ZIMBABWE: Opposition complains of pre-election intimidation

Friday, March 7, 2008

Both groups of the split main Zimbabwean opposition party have lodged complaints with the Zimbabwe Electoral Commission (ZEC) that their candidates are being harassed by the police ahead of the general elections on 29 March.

The two factions of the Movement for Democratic Change (MDC) have each claimed that their members have either been arrested, abducted or beaten up by the police, and have also alleged acts of violence against their supporters by the ruling ZANU-PF party.

"The police are acting in a partisan manner, banning our candidates and their supporters from conducting door-to-door campaigns, especially in the city," said Nelson Chamisa, spokesman for the MDC faction led by Morgan Tsvangirai.

On 29 February, police arrested Marvelous Khumalo, an MDC parliamentary candidate, and 11 other party supporters during a campaign in Chitungiza, a high-density satellite township 25km south of the capital, Harare. Kumalo is still in custody.

Police commissioner-general Augustine Chihuri brushed aside claims that the police were partisan, and said Khumalo and his campaign team had been arrested for violent behaviour. "Those people were arrested for a crime they know - they were carrying weapons and campaigning aggressively. The police are simply doing their job of maintaining law and order."

Chihuri maintained that the police were impartial in discharging their duties, as they had also arrested members of the ruling ZANU-PF in the past weeks for engaging in acts of violence. A ZANU-PF lawmaker, Isaiah Shumba, was arrested recently for brandishing a gun in public.

The commissioner-general has warned that police would use force to deal with perpetrators of violence in the election period.

A ZANU-PF official, Elliot Manyika, has also dismissed allegations of acts of violence by his party's activists against MDC supporters. "We are not a violent party, we are carrying out our campaign peacefully, and such reports [of violence] really are false," he told IRIN.

Abednico Bhebhe, a spokesman for the rival MDC faction, led by academic Arthur Mutambara, said his group had lodged a complaint with the electoral authorities, protesting intimidation of supporters. "Intimidation is rampant and the conditions are not conducive for a free and fair election," he claimed.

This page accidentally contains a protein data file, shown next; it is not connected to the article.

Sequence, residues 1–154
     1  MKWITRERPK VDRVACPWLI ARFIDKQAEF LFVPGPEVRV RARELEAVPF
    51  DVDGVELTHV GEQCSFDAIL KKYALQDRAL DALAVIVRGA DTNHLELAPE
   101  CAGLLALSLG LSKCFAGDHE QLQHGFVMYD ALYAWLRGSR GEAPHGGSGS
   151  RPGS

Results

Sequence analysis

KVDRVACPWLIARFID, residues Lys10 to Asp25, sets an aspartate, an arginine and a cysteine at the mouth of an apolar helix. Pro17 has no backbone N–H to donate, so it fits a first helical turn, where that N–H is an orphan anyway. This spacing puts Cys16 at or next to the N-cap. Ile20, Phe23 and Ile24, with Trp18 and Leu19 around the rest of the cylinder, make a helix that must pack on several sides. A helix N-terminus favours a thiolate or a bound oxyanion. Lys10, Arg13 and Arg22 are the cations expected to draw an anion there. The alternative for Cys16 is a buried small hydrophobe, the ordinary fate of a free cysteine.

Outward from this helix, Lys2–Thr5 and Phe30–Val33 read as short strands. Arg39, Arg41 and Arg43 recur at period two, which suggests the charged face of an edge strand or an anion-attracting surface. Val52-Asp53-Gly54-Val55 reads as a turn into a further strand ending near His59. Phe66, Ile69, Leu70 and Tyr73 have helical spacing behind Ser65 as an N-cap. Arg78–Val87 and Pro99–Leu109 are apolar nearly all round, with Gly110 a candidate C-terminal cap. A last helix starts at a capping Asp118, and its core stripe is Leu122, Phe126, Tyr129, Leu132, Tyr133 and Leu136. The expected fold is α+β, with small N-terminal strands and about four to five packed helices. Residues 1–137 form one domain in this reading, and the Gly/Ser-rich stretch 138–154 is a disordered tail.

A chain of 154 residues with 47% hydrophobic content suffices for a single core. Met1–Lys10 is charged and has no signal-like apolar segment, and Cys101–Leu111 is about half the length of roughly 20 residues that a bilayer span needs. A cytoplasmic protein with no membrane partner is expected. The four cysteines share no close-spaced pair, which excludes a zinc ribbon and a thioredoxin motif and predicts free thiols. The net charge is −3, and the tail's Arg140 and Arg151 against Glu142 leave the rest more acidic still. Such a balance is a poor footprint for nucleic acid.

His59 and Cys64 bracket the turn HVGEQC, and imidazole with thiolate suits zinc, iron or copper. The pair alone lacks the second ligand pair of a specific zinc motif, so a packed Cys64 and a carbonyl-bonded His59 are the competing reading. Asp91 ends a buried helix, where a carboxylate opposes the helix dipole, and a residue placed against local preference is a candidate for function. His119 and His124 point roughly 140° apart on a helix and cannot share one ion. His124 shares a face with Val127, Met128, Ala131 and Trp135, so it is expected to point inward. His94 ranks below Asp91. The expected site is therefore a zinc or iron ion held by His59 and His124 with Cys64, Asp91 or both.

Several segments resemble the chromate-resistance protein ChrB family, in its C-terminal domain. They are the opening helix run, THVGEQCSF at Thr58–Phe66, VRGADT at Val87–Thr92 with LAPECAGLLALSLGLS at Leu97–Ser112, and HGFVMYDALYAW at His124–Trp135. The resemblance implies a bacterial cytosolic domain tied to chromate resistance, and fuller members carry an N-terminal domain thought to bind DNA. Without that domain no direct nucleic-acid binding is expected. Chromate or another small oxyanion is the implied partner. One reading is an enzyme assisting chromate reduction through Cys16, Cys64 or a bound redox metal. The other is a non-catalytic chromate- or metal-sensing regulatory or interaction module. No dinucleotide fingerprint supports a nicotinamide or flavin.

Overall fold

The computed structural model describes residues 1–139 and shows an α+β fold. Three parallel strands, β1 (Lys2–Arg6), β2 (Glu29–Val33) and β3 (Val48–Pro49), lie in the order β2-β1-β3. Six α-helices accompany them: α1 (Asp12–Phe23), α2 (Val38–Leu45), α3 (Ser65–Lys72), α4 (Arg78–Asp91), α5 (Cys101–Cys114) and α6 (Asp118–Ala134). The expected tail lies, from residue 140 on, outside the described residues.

No airtime

The MDC has also accused the Zimbabwe Broadcasting Corporation (ZBC), the state broadcaster, for denying its candidates airtime. "It is our view that ZBC has abused its privilege to give unfair advantage to ZANU-PF ... even though, as a publicly funded broadcaster, you are expected to give equal coverage to all political players," the Tsvangirai-led MDC group wrote in a letter of complaint to the ZBC management.

Analysts said the opposition's complaints did not bode well for the government, as a pre-election assessment team from the Southern African Development Community (SADC) was in the country to assess the situation.

Tanki Mothae, director of SADC's Organ on Politics, Defence and Security, told IRIN that the team had arrived in Zimbabwe in the third week of February and had already compiled its preliminary report on conditions ahead of the elections.

Mothae said he would not divulge the contents of the report, neither would he comment on whether the SADC team had reported the alleged violence and intimidation by the MDC.

"Our entire team is leaving on Sunday [9 March] and about 150 election observers have been accredited. As far as we are concerned, everything is going on well and we are looking forward to this election," Monthae said.

Civic organisations pointed out that the SADC should have deployed observers to assess pre-election conditions, including the registration of voters and public inspection of the voters' roll, as well as the general environment, more than a month ago. They argued that prevailing conditions did not favour a free and fair election.

Xolani Zitha, coordinator of the Crisis in Zimbabwe Coalition (CZC), a civic organisations umbrella body, said the state-run media's refusal to cover opposition candidates was a violation of the SADC guidelines on the conduct of a free and fair election.

"Our teams on the ground report that there is intimidation going on and we have also observed ... the conduct of the police ... when dealing with opposition members," Zitha alleged. "We urge the SADC team to consult widely, so that we as civil society can also make an input of such concerns to their reports."

President Robert Mugabe, who is facing stiff challenges in the presidential race from the MDC's Tsvangirai and Simba Makoni, a former ZANU-PF member standing as an independent candidate, has said his government would only invite "friendly" countries, such as those in SADC, to observe the elections.

European countries have been banned from observing the polls. Local observers have been invited to submit their applications, but organisations such as the CZC may not be accredited because according to Zitha, "They see us as hostile elements."

Source: Irin